From the experiences gained from these examples, I will summarize the lessons learned and discuss the challenges and future directions in building and deploying secure systems.

BREAK

10:15am – 10:40am

Session 1

10:40am – 12:15pm

Coming Soon

Lunch

12:15pm – 1:15pm

Keynote II

1:15pm – 2:15pm

TBA

BREAK

2:15pm – 2:40pm

Session 2

2:40pm – 4:45pm

TBA

Day 1 Wrap-up

4:45pm – 5:00pm

Birds of a Feather Sessions

5:15pm – 6:00pm

Women in Cybersecurity –led by Leslie Weigner Alger

Leslie Weiner Alger Is the founder of Creative Edge Leadership, an executive coaching and leadership development firm with a focus on transforming technical managers and experts into outstanding leaders. As an executive coach Leslie has extensive experience working with leaders in fields such as engineering, information technology, science, and finance; helping them to make their leadership skills as outstanding as their technical skills. Leslie draws upon her extensive leadership experience to infuse her coaching and workshops with real-world examples and strategies. With an academic background in Electrical Engineering from MIT, Leslie has 20 years experience leading large groups of engineers, IT professionals and financial analysts in a fast paced R&D environment at MIT Lincoln Laboratory (MIT LL). She also has over 15 years experience leading diverse teams in an international nonprofit organization.

Moving Target: Where to Next? – led by Hamed Okhravi, MITLL; Marco Carvalho, FIT; Andrew Gearhart, JHU APL; Rosalie McQuaid, MITRE

The static nature of current computing systems has made them easy to attack and hard to defend. Adversaries have an asymmetric advantage in that they have the time to study a system, identify its vulnerabilities, and choose the time and place of attack to gain the maximum benefit. The idea of moving-target defense (MTD) is to impose the same asymmetric disadvantage on attackers by making systems dynamic and therefore harder to explore and predict. MTD techniques refer to those that enhance the resilience of a system through diversification, randomization, and dynamism. There has been a large body of literature in the area of MTD. This Birds of a Feather session focuses on the outlook of the field, the research questions that need to be answered, and the way forward in research and practices of MTD.

Helping Organize SecDev 2019 -led by Lee Lerner

Dinner on your own

 

Tuesday October 2, 2018

Registration

7:00am – 5:00pm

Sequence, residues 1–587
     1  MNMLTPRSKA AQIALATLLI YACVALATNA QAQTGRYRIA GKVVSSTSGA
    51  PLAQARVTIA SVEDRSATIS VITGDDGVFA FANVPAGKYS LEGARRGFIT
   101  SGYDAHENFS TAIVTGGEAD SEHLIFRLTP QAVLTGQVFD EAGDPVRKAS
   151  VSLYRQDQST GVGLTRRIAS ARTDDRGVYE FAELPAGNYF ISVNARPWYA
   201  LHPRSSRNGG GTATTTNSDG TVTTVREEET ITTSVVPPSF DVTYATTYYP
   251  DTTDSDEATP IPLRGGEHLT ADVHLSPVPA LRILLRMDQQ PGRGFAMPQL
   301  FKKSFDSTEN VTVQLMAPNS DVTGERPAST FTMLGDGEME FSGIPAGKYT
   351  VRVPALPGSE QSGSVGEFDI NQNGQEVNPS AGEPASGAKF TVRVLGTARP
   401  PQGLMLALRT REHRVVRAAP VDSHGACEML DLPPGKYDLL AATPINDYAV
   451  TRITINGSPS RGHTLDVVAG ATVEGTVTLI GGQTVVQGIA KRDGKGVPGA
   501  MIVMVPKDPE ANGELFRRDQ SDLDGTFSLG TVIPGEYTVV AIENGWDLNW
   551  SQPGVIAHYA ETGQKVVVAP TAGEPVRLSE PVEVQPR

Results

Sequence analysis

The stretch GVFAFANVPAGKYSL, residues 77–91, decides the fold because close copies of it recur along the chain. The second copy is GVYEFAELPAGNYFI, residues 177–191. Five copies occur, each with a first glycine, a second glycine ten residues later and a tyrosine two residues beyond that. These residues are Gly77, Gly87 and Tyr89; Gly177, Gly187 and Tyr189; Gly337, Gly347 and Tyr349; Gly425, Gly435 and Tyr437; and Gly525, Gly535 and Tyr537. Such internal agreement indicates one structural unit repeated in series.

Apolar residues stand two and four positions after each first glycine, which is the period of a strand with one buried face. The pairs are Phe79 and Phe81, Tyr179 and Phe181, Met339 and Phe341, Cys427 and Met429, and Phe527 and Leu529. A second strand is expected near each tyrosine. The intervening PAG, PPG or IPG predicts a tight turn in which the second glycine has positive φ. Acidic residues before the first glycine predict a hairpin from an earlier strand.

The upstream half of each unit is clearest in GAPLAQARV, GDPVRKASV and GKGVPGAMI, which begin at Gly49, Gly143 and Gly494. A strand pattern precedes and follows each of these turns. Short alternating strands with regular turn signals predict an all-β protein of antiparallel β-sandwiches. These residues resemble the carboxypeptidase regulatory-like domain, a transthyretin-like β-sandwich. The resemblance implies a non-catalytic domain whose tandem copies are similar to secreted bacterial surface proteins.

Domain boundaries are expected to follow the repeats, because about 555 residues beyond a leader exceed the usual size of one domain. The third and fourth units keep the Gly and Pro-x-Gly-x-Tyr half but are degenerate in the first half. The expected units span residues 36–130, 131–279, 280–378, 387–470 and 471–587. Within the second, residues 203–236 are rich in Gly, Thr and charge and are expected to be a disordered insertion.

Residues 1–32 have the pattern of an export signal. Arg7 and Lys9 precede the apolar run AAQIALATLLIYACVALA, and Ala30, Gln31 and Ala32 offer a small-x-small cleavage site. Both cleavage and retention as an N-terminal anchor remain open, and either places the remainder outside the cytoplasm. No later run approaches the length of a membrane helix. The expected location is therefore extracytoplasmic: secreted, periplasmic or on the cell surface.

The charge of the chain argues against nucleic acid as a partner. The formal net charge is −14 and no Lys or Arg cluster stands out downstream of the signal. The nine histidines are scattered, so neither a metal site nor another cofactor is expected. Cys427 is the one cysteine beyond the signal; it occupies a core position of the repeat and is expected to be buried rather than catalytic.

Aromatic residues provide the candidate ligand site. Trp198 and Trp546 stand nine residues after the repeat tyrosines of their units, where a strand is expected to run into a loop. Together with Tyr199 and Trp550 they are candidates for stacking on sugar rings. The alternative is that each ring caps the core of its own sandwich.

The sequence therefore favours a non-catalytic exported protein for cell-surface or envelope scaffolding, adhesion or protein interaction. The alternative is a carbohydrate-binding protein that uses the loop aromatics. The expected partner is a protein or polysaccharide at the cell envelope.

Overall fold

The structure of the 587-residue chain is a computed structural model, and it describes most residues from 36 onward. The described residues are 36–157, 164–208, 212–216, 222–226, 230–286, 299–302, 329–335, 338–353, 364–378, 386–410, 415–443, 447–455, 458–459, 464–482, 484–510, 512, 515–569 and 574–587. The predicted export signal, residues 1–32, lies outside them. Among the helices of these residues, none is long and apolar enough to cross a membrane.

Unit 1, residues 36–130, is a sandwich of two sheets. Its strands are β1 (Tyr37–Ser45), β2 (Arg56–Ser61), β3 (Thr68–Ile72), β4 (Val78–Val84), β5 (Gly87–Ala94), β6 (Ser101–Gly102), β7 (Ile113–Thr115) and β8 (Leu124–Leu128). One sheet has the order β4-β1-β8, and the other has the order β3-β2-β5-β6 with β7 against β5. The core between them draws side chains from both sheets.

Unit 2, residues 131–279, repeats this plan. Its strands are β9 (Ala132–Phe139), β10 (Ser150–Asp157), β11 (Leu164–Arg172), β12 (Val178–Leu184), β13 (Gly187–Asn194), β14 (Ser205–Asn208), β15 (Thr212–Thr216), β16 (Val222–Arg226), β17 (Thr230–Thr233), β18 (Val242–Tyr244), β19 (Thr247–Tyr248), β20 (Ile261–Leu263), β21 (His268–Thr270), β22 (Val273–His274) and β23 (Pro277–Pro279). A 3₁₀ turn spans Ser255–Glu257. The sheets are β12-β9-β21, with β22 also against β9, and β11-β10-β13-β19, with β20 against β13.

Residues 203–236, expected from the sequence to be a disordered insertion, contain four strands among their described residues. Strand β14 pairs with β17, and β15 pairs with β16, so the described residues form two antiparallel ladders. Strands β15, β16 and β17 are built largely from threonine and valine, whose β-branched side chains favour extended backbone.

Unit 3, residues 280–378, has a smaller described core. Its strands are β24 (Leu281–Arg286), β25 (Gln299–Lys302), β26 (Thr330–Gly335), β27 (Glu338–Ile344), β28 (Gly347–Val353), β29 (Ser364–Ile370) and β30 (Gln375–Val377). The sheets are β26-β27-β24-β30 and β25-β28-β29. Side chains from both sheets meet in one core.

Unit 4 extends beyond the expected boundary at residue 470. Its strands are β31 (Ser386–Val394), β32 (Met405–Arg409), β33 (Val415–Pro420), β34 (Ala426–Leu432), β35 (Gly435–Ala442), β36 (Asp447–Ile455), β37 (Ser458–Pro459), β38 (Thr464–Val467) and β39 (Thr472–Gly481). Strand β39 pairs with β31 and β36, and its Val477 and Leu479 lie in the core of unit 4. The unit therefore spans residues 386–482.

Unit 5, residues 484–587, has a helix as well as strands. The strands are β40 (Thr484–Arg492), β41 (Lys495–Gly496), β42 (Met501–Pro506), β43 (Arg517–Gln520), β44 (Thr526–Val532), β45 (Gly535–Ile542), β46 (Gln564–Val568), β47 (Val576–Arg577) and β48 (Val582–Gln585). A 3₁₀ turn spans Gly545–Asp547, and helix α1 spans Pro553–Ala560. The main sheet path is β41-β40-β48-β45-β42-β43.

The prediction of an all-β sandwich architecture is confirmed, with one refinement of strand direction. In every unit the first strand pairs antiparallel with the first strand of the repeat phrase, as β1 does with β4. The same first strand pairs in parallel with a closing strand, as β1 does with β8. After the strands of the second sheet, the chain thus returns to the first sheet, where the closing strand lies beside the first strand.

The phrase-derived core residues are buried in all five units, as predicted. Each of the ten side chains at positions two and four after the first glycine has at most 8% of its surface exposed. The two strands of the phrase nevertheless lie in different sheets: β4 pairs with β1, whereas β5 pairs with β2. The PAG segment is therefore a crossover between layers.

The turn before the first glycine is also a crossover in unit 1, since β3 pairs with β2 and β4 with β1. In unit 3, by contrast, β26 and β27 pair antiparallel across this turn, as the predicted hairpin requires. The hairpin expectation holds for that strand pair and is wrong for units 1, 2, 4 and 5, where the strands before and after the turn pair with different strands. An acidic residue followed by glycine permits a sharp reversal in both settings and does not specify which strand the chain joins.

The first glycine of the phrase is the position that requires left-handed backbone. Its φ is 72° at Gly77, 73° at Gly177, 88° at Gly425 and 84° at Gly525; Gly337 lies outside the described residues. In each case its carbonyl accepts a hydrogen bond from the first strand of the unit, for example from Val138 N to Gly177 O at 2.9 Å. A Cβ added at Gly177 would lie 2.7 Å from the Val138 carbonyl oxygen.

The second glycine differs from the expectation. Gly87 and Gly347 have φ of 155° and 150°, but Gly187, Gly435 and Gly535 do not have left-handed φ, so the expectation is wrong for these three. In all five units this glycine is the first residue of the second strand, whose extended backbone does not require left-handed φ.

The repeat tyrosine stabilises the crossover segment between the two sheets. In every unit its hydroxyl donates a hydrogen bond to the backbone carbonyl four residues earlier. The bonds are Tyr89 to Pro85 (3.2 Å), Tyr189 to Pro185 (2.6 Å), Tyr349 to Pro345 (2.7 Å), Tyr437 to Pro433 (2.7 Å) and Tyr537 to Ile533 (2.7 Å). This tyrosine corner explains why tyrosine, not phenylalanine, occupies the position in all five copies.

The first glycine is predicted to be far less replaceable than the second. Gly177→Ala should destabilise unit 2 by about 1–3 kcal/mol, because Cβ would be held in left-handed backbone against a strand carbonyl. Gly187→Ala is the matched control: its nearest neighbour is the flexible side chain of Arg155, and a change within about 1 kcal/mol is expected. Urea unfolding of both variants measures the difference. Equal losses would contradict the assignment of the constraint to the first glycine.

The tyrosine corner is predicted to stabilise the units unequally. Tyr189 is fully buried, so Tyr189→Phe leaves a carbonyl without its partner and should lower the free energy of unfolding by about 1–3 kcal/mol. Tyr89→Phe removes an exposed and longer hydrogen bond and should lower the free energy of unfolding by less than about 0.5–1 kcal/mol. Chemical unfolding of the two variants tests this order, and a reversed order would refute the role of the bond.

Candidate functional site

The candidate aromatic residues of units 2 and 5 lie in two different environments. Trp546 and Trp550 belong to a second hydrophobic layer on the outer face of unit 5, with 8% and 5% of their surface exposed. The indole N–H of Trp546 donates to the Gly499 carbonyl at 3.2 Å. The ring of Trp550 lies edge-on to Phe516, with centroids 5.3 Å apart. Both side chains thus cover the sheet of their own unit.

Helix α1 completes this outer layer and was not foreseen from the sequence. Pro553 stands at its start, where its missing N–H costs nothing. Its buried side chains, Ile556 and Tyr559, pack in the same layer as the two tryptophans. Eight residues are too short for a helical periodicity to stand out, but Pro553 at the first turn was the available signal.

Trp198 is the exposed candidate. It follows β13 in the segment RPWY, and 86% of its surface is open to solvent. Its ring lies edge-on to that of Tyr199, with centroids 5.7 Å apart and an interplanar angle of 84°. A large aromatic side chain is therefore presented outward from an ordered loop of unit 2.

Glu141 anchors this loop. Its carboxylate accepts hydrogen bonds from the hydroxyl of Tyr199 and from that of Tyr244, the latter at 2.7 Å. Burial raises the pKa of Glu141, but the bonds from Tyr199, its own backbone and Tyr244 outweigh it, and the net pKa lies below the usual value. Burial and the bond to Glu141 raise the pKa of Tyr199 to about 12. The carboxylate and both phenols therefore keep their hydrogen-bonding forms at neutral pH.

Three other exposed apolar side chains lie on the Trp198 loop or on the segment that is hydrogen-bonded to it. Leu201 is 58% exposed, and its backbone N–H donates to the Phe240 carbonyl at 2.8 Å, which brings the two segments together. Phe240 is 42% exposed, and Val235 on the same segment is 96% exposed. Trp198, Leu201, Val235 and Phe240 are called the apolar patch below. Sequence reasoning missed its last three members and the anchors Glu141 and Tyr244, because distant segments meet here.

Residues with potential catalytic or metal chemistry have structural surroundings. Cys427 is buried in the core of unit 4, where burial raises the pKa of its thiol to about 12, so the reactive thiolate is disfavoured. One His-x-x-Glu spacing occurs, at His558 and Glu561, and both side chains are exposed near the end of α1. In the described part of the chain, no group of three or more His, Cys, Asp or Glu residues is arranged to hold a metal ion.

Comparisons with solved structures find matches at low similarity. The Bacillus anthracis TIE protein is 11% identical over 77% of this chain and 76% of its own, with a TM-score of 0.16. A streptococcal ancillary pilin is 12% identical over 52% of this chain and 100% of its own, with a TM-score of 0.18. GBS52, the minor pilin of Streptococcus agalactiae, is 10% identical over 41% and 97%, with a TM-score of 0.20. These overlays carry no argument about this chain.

Exhibits

8:00am – 3:00pm

Breakfast

8:00am – 9:00am

IEEE Awards

9:00am – 9:30am

The IEEE Cybersecurity Award for Practice
The IEEE Cybersecurity Award for Innovation
General Chair Report and Awards (Committees)
PC Chair Report and Awards (Best Paper, Best Reviewer)

Keynote: Provably Eliminating Exploitable Bugs

9:30am – 10:30am

Kathleen Fisher (Tufts University, Former Program Manager of DARPA’s HACMS Program)

For decades, formal methods have offered the promise of software that doesn’t have exploitable bugs. Until recently, however, it hasn’t been possible to verify software of sufficient complexity to be useful. Recently, that situation has changed. SeL4 is an open-source operating system microkernel efficient enough to be used in a wide range of practical applications. It has been proven to be fully functionally correct, ensuring the absence of buffer overflows, null pointer exceptions, use-after-free errors, etc., and to enforce integrity and confidentiality properties. The CompCert Verifying C Compiler maps source C programs to provably equivalent assembly language, ensuring the absence of exploitable bugs in the compiler. A number of factors have enabled this revolution in the formal methods community, including increased processor speed, better infrastructure like the Isabelle/HOL and Coq theorem provers, specialized logics for reasoning about low-level code, increasing levels of automation afforded by tactic languages and SAT/SMT solvers, and the decision to move away from trying to verify existing artifacts and instead focus on co-developing the code and the correctness proof.

In this talk I will explore the promise and limitations of current formal methods techniques for producing useful software that provably does not contain exploitable bugs. I will discuss these issues in the context of DARPA’s HACMS program, which had as its goal the creation of high-assurance software for vehicles, including quad-copters, helicopters, and automobiles.

BREAK

10:30am – 10:55am

Session 3

10:55am -12:00pm

TBA

Lunch

12:00pm – 12:55pm

Session 4

12:55pm – 2:00pm

TBA

Practitioners’ Session I

2:00pm – 2:50pm

Coming Soon

Break

2:50pm – 3:15pm

Practitioners’ Session II

3:15pm – 4:45pm

Coming Soon

Wrap up and see you at SecDev 2018!

4:45pm – 5:00pm